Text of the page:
Cleo Woelfle-Erskine’s research focuses on ecological and social dimensions of human relations to rivers and their multi-species inhabitants. Trained in ecology, hydrology, geomorphology, critical social science, and feminist science and technology studies, he facilitates collaborative research in partnership with tribes, agencies, citizen scientists, and local community members. His PhD work in the Energy and Resources Group at UC Berkeley involved a collaborative of scientists and local residents who are experimenting with storing winter rain to increase summer streamflow. He is developing research projects on hydro-ecological and social effects of beaver relocation in eastern Washington, and environmental justice dimensions of fishing and shellfishing in urban Puget Sound. As a UC President’s Postdoctoral Fellow in Feminist Studies at UC Santa Cruz, he explored queer, transgender, and decolonial possibilities for ecological science. His manuscript in progress, Underflow: Transfiguring riverine relations, imagining queer-trans ecologies considers the lingering presences of Manifest Destiny (ecological, socio-scientific, and psychological) and the ways that this injurious “destiny” can be transfigured and overturned to renew human-water-fish relations.
Woelfle-Erskine, C. In press. The watershed body: Transgressing frontiers in riverine sciences, planning stochastic multispecies worlds. Catalyst, Special Issue: Feminist Theory Out of Science.
Woelfle-Erskine, C. 2017. Collaborative approaches to flow restoration in intermittent salmon-bearing streams: Salmon Creek, CA, USA. Water, Special Issue: Variability in Mediterranean-Climate Waters: Space, Time, and Intensity. doi: 10.3390/w9030217
Woelfle-Erskine, C., Laurel G. Larsen, Stephanie M. Carlson. 2017. Abiotic habitat thresholds for salmonid over-summer survival in intermittent streams. Ecosphere. DOI: 1-.1002/ecs2.1645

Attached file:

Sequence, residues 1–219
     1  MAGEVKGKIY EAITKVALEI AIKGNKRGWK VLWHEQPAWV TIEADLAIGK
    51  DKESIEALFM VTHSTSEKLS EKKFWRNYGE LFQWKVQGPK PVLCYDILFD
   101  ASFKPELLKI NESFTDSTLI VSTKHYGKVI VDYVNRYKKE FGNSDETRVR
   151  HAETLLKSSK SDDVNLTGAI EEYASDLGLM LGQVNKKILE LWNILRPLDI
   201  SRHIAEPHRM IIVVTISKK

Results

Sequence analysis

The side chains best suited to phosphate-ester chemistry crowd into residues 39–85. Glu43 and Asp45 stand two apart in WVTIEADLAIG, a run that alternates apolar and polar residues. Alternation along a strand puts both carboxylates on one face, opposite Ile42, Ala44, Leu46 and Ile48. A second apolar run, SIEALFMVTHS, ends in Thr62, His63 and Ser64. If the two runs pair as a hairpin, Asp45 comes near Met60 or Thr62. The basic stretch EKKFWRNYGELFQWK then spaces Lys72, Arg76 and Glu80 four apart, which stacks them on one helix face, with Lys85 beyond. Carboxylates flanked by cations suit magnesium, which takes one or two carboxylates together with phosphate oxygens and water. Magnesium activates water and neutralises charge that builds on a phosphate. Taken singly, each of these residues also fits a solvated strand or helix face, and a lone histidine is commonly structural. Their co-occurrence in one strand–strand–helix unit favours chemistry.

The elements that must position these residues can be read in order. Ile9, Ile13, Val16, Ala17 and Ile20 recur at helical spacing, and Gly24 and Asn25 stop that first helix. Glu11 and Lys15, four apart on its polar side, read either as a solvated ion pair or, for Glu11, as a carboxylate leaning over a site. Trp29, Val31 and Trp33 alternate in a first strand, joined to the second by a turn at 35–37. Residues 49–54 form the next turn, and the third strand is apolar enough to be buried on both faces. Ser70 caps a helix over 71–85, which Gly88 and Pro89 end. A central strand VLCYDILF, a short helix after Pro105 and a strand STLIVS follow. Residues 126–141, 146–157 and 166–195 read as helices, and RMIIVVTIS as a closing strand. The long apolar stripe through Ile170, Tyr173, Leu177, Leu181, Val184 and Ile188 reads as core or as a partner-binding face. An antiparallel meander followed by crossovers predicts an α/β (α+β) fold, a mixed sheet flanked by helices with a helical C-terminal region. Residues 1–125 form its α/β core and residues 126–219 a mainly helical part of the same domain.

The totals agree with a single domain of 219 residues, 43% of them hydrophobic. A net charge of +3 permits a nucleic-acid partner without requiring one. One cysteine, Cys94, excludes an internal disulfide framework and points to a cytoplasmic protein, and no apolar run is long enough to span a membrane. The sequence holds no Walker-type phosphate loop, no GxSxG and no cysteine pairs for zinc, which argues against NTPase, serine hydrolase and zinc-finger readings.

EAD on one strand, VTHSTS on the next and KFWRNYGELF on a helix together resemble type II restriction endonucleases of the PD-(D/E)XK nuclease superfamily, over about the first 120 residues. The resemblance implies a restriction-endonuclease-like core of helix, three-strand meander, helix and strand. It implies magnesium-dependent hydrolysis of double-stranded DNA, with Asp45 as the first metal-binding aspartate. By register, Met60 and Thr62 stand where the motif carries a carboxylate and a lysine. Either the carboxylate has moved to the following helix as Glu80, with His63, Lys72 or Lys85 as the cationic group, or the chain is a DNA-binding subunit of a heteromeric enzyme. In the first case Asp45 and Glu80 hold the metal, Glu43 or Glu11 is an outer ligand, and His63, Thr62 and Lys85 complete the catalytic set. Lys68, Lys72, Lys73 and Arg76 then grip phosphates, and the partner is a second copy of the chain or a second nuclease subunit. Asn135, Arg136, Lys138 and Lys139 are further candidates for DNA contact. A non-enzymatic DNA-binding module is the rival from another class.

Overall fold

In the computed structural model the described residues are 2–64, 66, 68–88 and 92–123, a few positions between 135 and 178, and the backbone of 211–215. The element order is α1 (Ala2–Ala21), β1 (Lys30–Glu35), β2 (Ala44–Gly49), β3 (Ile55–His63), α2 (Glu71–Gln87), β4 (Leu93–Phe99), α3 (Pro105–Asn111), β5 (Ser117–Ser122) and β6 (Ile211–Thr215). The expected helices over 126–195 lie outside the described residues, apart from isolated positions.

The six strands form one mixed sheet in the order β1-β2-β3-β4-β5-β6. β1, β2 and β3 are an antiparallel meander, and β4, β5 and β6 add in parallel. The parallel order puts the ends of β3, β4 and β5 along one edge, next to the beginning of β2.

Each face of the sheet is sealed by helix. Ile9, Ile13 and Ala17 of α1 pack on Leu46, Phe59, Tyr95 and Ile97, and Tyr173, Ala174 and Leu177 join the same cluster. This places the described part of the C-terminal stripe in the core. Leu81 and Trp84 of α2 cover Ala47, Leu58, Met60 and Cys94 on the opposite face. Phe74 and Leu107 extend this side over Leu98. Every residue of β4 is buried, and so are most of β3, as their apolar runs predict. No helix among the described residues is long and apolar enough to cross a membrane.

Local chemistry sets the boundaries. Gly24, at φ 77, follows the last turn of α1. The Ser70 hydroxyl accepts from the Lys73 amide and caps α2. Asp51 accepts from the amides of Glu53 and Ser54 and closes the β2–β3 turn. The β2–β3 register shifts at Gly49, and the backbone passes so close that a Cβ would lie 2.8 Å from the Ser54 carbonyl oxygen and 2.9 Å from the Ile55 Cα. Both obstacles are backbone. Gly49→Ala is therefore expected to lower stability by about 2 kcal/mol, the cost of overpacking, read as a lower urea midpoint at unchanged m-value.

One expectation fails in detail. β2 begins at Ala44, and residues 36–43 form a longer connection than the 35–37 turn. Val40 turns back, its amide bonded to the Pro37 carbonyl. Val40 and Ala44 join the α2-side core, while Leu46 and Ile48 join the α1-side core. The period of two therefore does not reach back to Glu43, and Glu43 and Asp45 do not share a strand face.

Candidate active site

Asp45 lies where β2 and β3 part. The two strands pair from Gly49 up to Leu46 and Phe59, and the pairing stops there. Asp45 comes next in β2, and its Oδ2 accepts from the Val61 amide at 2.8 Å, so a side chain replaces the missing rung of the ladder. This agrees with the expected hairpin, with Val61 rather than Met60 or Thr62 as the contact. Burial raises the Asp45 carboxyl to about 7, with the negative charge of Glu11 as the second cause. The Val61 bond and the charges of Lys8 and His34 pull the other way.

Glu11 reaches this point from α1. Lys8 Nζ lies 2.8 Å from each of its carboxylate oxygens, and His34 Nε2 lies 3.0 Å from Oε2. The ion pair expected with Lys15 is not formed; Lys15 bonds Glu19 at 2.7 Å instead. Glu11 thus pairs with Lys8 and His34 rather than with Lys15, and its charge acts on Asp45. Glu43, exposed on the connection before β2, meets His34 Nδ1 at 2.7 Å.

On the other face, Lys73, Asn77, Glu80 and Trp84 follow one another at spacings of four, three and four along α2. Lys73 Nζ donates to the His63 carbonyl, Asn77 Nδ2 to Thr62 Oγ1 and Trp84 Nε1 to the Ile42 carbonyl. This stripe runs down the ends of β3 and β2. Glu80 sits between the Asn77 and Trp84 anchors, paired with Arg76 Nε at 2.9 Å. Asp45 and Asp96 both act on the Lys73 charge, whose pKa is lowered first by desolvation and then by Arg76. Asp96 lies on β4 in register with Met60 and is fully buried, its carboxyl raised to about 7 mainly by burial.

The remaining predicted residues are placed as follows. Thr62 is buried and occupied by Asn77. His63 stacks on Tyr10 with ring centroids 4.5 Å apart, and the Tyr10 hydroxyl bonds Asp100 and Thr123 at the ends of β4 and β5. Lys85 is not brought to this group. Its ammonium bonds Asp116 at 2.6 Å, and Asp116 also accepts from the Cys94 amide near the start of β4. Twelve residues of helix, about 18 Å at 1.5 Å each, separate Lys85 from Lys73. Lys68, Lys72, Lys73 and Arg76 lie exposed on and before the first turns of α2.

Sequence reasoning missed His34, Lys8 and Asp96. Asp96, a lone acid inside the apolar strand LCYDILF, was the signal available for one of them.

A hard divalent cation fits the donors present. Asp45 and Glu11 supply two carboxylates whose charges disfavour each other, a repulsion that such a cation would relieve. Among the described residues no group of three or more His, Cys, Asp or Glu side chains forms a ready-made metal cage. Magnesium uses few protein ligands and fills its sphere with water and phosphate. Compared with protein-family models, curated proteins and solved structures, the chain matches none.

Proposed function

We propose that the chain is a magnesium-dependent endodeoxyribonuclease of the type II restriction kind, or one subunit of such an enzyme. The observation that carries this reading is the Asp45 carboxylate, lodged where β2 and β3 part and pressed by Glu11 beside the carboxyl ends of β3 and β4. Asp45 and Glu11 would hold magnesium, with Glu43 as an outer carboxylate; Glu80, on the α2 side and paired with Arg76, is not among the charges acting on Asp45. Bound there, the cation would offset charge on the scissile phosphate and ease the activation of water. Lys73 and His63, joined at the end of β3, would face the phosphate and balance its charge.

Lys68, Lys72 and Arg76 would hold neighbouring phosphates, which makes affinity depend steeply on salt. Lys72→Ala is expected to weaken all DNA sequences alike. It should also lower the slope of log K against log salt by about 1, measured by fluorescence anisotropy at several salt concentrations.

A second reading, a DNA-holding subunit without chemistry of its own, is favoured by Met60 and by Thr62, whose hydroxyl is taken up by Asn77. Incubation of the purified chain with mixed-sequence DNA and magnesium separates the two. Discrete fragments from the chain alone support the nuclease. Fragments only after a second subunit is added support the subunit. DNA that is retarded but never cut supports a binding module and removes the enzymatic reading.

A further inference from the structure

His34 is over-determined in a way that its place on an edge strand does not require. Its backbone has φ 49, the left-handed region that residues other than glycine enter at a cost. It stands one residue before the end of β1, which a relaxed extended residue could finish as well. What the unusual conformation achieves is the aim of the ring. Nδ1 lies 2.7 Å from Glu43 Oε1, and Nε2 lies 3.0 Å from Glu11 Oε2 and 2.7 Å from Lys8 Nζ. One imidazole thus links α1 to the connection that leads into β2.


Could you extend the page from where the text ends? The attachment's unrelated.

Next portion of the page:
Woelfle-Erskine, C. and J. Cole, 2015. Transfiguring the Anthropocene: Stochastic re-imaginings of human-beaver worlds. Transgender Studies Quarterly, Special Issue: Tranimacies. doi: 10.1215/23289252-2867625
Woelfle-Erskine, C. 2015. “Rain tanks, springs, and broken pipes as emerging water commons along Salmon Creek, CA, USA.” ACME: An International E-Journal for Critical Geographies, Special Issue: Researching household water practices.
Woelfle-Erskine, C., A. C. Wilcox, and J. N. Moore. 2012. “Combining historical and process perspectives to infer ranges of geomorphic variability and inform river restoration in a wandering gravel-bed river.” Earth Surface Processes & Landforms. doi: 10.1002/esp.3276.
Books, chapters, popular articles, and reports
Woelfle-Erskine, C. 2015. “Connecting rain to taps and drains to gardens: Emerging cultural waterscapes in California cities.” in Lassiter, A. ed., The Sustainable Water Reader: Lessons from California for the 21st Century, University of California.
Woelfle-Erskine, C. and A. Uncapher. Creating Rain Gardens. Portland, Oreg.: Timber Press, 2012.
Woelfle-Erskine, C. “Riparian Repair” in High Country News, August 25, 2008.
Woelfle-Erskine, C., J.O. Cole, L. Allen, eds. Dam Nation: Dispatches from the Water Underground. New York: Soft Skull, 2007.
Ramos, P., A. Deen, A. Vanderwarker, C. Woelfle-Erskine, Thirsty for Justice: A People’s Blueprint for California Water, The Environmental Justice Coalition for Water, 2005 (ejcw.org).